Burlington Homes eventually resolved the issue by using only the section of the building that did meet the setback.
Although there was no public objection or appeal to the April 13 decision for ActNow GC Inc., the complaint states that the Planning Board brought the Stevenson Enterprise Inc. application to the table again on Aug. 10 after two members of the Planning Board took the position that the Planning Board’s approval on April 13 was not final.
With the town’s counsel present, Planning Board members spent several hours debating whether they had given ActNow GC final approval at the April 13 meeting.
According to the complaint, town council Mary Costigan advised the Planning Board that even if the April 13 approval was “a mistake,” as long as no one appealed, “a final decision cannot be subsequently challenged and the applicant was entitled to rely on the final decision.”
Planning Board member Denise Landsberg, who was present at the April 13 meeting, stated at the Aug. 10 meeting that the approval with contingency was not unusual. “I’m saying a decision was made,” she said, according to the complaint. Two of the three members of the Planning Board who were at the April 13 meeting agreed.
In the ActNow GC Inc.complaint, attorney Wilson said the effect of the reversal of the permit approval is “devastating” to the Stevensons, Act Now GC and their tenants.
Because of the reliance on the Planing Board’s approval, Beaudet has “potentially locked himself into a ten-year lease agreement with Stevenson to own real estate making him liable for hundreds of thousands of dollars,” states the complaint. The sale price for the three buildings was negotiated based on the final approval of the permit.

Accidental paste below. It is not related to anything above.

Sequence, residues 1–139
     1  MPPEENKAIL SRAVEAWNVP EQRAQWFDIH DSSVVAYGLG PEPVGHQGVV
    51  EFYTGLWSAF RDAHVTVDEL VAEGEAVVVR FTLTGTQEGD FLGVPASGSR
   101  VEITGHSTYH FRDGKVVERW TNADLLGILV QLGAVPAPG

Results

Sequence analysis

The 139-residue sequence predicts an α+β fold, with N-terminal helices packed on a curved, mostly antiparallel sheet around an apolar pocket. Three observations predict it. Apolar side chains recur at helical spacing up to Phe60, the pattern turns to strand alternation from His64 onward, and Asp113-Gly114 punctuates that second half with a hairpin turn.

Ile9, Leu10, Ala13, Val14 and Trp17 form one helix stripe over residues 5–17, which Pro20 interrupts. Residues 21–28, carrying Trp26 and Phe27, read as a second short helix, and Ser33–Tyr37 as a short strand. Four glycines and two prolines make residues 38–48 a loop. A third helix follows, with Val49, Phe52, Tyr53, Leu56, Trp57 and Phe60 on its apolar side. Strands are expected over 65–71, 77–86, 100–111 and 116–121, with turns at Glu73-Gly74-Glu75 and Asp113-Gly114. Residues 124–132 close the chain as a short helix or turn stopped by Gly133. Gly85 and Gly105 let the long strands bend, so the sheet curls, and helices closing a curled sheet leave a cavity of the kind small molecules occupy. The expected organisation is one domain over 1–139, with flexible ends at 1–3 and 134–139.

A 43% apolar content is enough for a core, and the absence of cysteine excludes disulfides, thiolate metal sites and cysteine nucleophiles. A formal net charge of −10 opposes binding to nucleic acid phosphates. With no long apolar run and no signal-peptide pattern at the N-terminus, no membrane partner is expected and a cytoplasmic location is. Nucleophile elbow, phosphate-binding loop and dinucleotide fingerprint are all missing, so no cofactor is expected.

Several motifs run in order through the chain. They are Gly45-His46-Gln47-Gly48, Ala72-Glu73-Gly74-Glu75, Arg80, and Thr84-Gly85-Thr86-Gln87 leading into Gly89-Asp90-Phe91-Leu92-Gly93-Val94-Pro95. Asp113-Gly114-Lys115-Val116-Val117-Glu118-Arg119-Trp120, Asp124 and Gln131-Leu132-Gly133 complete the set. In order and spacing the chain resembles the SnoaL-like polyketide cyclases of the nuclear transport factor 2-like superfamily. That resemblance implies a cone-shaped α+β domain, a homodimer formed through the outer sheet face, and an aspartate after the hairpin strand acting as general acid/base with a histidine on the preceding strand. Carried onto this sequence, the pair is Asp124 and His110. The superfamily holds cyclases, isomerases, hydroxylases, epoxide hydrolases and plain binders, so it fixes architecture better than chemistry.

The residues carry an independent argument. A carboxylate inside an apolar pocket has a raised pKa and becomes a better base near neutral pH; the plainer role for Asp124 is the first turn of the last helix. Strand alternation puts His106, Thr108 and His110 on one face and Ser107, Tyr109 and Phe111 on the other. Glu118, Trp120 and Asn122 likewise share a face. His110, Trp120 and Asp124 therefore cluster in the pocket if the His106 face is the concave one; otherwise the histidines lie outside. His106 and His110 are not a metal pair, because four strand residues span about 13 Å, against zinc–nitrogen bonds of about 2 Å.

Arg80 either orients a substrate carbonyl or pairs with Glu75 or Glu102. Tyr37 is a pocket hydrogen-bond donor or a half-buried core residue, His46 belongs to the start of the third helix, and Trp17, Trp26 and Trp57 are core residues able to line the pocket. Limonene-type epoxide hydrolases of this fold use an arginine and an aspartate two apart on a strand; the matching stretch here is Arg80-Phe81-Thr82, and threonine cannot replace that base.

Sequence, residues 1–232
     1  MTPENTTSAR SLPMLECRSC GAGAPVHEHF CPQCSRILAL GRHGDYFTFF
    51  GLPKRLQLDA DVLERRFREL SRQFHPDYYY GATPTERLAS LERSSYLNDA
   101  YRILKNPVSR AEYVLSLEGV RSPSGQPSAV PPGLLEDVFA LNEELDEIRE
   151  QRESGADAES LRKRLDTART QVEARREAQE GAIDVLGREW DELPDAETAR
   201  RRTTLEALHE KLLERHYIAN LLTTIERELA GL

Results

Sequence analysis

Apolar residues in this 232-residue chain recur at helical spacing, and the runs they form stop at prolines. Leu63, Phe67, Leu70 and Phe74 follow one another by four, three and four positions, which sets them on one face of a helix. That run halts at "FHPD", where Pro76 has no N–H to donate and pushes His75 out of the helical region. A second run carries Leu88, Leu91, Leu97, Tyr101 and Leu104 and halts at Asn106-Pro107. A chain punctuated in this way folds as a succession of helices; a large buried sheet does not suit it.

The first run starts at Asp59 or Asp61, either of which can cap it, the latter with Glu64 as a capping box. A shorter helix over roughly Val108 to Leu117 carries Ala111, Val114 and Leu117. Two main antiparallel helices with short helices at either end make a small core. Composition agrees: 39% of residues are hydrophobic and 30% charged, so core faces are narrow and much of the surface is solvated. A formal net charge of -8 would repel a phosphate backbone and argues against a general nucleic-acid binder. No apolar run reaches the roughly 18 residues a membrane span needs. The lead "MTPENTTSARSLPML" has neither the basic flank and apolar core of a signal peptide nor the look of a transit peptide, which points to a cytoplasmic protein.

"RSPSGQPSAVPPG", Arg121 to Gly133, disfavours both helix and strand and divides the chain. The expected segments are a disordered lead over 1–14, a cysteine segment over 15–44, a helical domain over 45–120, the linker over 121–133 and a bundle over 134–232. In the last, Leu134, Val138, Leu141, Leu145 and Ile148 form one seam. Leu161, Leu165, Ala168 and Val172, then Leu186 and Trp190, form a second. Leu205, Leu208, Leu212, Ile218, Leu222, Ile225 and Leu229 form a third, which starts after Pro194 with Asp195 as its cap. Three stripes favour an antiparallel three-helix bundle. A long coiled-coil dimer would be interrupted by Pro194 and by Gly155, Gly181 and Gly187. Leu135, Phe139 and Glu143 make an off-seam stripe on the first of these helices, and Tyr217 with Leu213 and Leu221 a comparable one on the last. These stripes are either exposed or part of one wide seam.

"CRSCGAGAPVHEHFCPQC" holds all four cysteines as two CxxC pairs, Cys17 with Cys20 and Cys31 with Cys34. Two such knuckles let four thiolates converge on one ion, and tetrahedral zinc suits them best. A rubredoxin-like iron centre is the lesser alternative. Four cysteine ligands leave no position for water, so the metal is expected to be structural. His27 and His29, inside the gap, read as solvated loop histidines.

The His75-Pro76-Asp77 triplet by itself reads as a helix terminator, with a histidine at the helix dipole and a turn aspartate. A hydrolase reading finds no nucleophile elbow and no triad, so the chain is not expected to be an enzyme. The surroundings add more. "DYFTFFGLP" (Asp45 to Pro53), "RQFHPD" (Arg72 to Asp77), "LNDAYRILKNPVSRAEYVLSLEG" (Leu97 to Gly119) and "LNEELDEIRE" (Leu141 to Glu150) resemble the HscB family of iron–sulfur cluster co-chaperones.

Additionally, the complaint states, Act Now GC’s tenants are now locked into a three-year lease for an approved use that is now vacated. Both have spent thousands of dollars in construction, according to the complaint, and ActNow GC could potentially lose its monthly rental income, which is used in part to pay his real estate purchase.
Additionally, states the complaint, the tenants made plans to move to Maine and purchased homes in Oxford with every expectation of starting their medical marijuana business.
“This action,” states the complaint, “without exaggeration, will devastate the lives of several families.”
No court date has been assigned as of Tuesday, according to information from the court clerk’s office.